including the District of Columbia have laws regulating the manu- 
facture and sale of new bedding or new bedding and upholstery. 
Thirty-six of these laws apply in terms to mattresses; 30 to com- 
forters, quilts, or quilted pads; 28 to cushions or pillows; and 11 to 
upholstered furniture in general, with some other laws, applying only 
to specified types of furniture, such as "upholstered spring:^." 
"lounges," and sofas." In addition, the laws of a few States apply 
to articles of bedding in general, or to articles ''similar" to tiiose 
specincally mentioned in the laws. 

Sanitation requirements regarding the use of materials in the 
manufacturing of bedding are of more than one kind. There are 
prohibitions to be found in 13 States against the use of second-liand 
or shoddy material, while the laws of 21 States specifically permit the 
use of such material if it has been sterilized. Similarly,'in 17 States 
with bedding laws, the use of contaminated material is specifically 
prohibited, while in 8 States the use of such material when stevdizecl 
is permitted. There are qualifications in 4 States prohibiting --ertain 
uses or prohibiting certain kinds of contaminated or second-hand 
material and permitting others. 

* "Survey of State l^aws and Judicial Decisions on Beddinar and Upbolsteiv,'" prepared 
by S. Mermin and J. Mayer, S. P. Kaidanovsky, Technical Director, Consumer Standards 
Project, pp. vii-t-160, Division of Consumers' Counsel. Agricultural Adjustment Adminis- 
tration, U. S. Department of Agriculture, and Work Proj-ects Administration, Washington, 
D. C. 




Chart XIX. — Sanitation and labeling re 

[This chart was prepared by the staff of the Consumer Standards Project, Consumers' Co 

Agriculture, and Work 


A. Bcddinj;: 

1. Mattresses 

2. Comforts or quilts 

3. Pads or quilted pads 

4. Pillows 

5. Cushions 

6. Upholstered springs or box 

springs. .__ 

7. Misrellaneous other articles 


8. Articles (unnamed) which may 

be used for sleeping or reclining 

B. Upholstery: 

1. Upholstered furniture (in gen- 


2. Miscellaneous articles named 

C. Articles filled exclusively with steril- 

ized feathers are specifically ex- 

Second-hand material: 

1. Prohibited- 

2. Permitted if steriHzed. 
Contaminated material: 

1. Prohibited 

2. Permitted if sterilized. 



1 to descrip- 

1. Qualitative (label shall show)— 
(a) Whether new or second- 
hand (e. g., "All new 

material"; "Second-hand 

material") , 

(6) Whether "Sweepings" or 

"oily sweepings" are used 
(c) Whether damaged, waste, or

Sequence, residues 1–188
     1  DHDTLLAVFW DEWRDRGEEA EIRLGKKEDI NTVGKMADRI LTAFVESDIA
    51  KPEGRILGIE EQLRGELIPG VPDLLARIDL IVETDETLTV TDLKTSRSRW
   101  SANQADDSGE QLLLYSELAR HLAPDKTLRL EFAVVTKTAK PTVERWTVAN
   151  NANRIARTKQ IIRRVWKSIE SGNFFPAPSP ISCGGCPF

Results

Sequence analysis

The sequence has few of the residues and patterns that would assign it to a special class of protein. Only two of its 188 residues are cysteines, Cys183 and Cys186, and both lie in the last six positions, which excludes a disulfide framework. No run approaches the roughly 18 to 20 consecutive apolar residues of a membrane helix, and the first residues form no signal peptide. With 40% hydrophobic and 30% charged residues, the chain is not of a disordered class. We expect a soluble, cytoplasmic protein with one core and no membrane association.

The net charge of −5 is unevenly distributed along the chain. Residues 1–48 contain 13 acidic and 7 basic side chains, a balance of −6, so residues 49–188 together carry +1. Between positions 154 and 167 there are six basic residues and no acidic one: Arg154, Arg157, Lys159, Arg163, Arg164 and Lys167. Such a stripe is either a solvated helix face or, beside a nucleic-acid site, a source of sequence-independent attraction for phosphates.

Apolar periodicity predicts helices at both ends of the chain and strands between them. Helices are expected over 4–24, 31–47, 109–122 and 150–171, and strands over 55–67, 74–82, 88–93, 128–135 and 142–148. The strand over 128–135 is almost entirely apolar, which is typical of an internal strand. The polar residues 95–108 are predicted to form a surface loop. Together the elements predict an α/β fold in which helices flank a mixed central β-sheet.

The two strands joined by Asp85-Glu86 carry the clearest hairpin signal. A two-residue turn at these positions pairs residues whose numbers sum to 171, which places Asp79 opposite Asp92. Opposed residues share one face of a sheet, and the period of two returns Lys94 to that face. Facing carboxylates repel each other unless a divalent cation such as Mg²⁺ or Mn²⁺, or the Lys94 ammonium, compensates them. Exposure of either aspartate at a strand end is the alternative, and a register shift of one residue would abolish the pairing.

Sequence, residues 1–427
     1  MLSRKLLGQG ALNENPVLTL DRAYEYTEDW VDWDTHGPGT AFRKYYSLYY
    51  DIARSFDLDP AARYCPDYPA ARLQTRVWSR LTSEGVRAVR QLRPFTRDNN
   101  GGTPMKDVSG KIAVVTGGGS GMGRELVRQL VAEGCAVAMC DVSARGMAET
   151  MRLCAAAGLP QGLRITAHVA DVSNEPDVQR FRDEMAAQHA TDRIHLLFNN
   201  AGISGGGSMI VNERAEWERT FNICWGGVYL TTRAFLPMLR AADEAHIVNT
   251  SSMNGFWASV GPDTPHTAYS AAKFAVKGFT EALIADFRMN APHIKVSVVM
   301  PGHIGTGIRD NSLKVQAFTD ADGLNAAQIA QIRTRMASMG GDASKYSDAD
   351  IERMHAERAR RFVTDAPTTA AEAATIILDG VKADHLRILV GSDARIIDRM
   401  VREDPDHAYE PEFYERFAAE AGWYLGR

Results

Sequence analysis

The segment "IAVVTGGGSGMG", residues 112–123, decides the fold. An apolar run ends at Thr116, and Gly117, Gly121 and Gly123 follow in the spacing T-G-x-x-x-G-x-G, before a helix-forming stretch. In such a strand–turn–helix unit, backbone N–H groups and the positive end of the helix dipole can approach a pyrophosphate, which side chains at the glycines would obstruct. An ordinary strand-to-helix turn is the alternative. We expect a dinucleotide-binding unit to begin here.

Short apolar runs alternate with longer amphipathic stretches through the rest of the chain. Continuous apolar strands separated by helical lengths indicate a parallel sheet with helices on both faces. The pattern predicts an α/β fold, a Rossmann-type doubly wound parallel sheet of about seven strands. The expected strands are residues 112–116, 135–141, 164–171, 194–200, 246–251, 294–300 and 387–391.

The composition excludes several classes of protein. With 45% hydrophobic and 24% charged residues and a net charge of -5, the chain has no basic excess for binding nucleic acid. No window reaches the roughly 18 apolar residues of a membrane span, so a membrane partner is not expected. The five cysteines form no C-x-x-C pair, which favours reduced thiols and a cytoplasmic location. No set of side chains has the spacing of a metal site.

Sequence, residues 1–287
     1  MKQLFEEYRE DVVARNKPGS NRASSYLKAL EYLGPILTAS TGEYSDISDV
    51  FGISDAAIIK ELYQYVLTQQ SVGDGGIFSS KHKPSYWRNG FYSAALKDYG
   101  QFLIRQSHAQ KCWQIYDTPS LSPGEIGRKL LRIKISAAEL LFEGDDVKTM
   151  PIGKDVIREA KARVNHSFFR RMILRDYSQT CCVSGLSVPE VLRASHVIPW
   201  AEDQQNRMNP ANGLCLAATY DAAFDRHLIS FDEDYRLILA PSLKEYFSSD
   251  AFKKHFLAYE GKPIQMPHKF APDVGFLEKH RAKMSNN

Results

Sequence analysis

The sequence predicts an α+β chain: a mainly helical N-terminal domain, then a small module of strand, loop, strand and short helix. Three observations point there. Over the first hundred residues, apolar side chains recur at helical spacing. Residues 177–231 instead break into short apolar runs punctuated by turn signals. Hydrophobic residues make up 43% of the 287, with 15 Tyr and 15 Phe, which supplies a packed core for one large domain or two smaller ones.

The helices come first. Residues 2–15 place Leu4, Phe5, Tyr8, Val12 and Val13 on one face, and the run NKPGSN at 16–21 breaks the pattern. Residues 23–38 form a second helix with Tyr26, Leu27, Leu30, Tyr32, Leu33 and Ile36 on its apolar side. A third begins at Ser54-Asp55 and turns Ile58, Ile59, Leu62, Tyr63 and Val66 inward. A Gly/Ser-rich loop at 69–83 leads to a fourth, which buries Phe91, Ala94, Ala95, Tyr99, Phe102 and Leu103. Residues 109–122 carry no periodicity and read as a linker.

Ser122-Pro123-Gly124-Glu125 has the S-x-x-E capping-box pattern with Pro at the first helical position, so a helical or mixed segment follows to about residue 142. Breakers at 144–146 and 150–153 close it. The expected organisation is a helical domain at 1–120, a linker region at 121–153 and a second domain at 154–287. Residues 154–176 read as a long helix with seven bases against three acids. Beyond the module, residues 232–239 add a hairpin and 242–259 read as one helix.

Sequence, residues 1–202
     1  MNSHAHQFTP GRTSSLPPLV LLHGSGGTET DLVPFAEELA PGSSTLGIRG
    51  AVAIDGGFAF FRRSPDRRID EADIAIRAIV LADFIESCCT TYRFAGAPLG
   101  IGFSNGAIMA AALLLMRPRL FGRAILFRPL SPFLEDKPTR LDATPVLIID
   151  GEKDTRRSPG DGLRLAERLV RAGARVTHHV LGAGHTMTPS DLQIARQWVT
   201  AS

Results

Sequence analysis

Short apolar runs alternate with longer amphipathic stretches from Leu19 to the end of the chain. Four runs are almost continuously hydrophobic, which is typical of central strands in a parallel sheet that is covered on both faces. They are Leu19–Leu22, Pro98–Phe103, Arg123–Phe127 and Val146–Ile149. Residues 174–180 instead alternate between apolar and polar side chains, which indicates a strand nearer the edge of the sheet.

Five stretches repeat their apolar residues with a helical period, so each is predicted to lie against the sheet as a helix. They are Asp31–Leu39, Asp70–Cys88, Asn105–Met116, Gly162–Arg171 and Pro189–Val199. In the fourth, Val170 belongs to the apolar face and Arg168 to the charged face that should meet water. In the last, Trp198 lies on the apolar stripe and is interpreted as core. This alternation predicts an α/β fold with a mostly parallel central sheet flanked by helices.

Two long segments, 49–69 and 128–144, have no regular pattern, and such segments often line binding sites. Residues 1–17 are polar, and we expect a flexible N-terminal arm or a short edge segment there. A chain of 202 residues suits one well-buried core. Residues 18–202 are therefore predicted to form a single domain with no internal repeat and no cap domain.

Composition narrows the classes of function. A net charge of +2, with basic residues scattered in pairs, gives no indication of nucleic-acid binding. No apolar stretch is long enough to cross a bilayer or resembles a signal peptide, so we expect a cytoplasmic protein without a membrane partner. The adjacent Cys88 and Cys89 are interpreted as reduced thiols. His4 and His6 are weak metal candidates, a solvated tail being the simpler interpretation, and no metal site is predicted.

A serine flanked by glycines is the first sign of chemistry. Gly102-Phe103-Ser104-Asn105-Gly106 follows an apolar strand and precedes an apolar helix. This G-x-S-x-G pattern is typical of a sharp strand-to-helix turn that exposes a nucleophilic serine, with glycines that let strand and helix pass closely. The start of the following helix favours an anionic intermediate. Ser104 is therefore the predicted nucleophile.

other inferior material is 


"Felted cotton" or "felted 

linters" when such ma- 
terial is used . . 

'Cotton linters" when such 

material is used 

(0 A statement of materials 


(ff) "Kind" of materials . 

(ft) "Kind"of materials used in 


(r) "Kind and Character" of 

materials _ _ 

<■// "I><-5^-=T\tion" of materials 


(k) "Descnpti... ■ .' materials 

used in liiling .. 

(!) "Kame" of materials.- - . 
(m) "Name" of materials «;«. ' 

in filling. ... 

(n) "The contents" 

(o) "Quality" of materials | x I., .j — 

(p) "Grades" of materials used I i 

infilling !...!....! (") 

See footnotes at end of tabic. 








quirements for new bedding and upholstery 

unsel Division, Agricultural Adjustment Administration, United States Department of 
Projects Administration] 


























































































X 1 
















'■ ' 
















1 * 







- .. 































































1 1 < 





( J 




See footnotes at end of table. 
27240fl— 41 -Tijo. 24 



Chart XIX. — Sanitation and labeling requir- 


























MENT3— continued 
A. Positive requirements— Continued. 
1. Qualitative— Continued. 

(S) Such description of ma- 
terials used as adminis- 
trative body shall pre- 




(r) Whether material required 
to be sterilized has been 




2. Quantitative (label shall show)- 
(a) "Percentage" of materials... 
(6) "Percentage" of materials 
used in filling 





(c) "Proportion" of filling ma- 
terials if more than one 


(d) "Percentage" of materials 
when ffther than hair is 
tfsed in combination with 

(e) Quantity or amount of each 





(/) Total weight or gross weight 




B. Olher positive requir ementi (label 
shall show)— 
1 Name of manufacturer or vendor 


2. Name and address of: 










(c) Vendor .. 

'd) Manufacturer or vendor and 
successive vendors 


3. Delivery date: 

(a) Date of delivery to customer. 

(b) Date of delivery within 


4. Registry or serial number of man- 
ufacturer assigned by adminis- 
trative body 




5. Adhesive stamps (e. g., inspec- 





(a) Which contain replica of 
State seal 

(b) Which contain registry 

(c) Which contain other ad- 
ministratively required 


6. Compliance with State law: 
(a) That article complies with 




(b) (As repasds label on con- 
tainer) that the article 
complies with labeling re- 


7. Miscellaneous: 

(a) "This label is a;ttached as 
required by law as a cer- 
tification that this article 


(b) Label is to be procured from 
State and bear replica of 
. State seal 

(c) Administrative body to ap- 



(d) Label similar to that re- 
quired on article is also 



(e) When tag is to be used on 
pillow, cushion, bolster, 
or comforter it shall bear 
a statement that it Ls to be 




ments for new bedding and upholstery — Continued. 


















































— - 


















































See footnotes at end of table. 



Chart XIX. — Sanitation ana labeling require 





























MENTa— continued 

C. Negative requirements: 
1. General: 

(a) Prohibitions apainst mis- 













(6) Prohibitions against tam- 

(f) Information other than that 
specified in the law is not 
to appear on the required